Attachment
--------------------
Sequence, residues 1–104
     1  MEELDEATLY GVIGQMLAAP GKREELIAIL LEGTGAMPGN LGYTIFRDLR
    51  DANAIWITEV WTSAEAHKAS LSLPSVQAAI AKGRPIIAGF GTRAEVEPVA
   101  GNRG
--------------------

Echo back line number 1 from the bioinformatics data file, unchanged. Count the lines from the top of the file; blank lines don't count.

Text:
Sequence, residues 1–104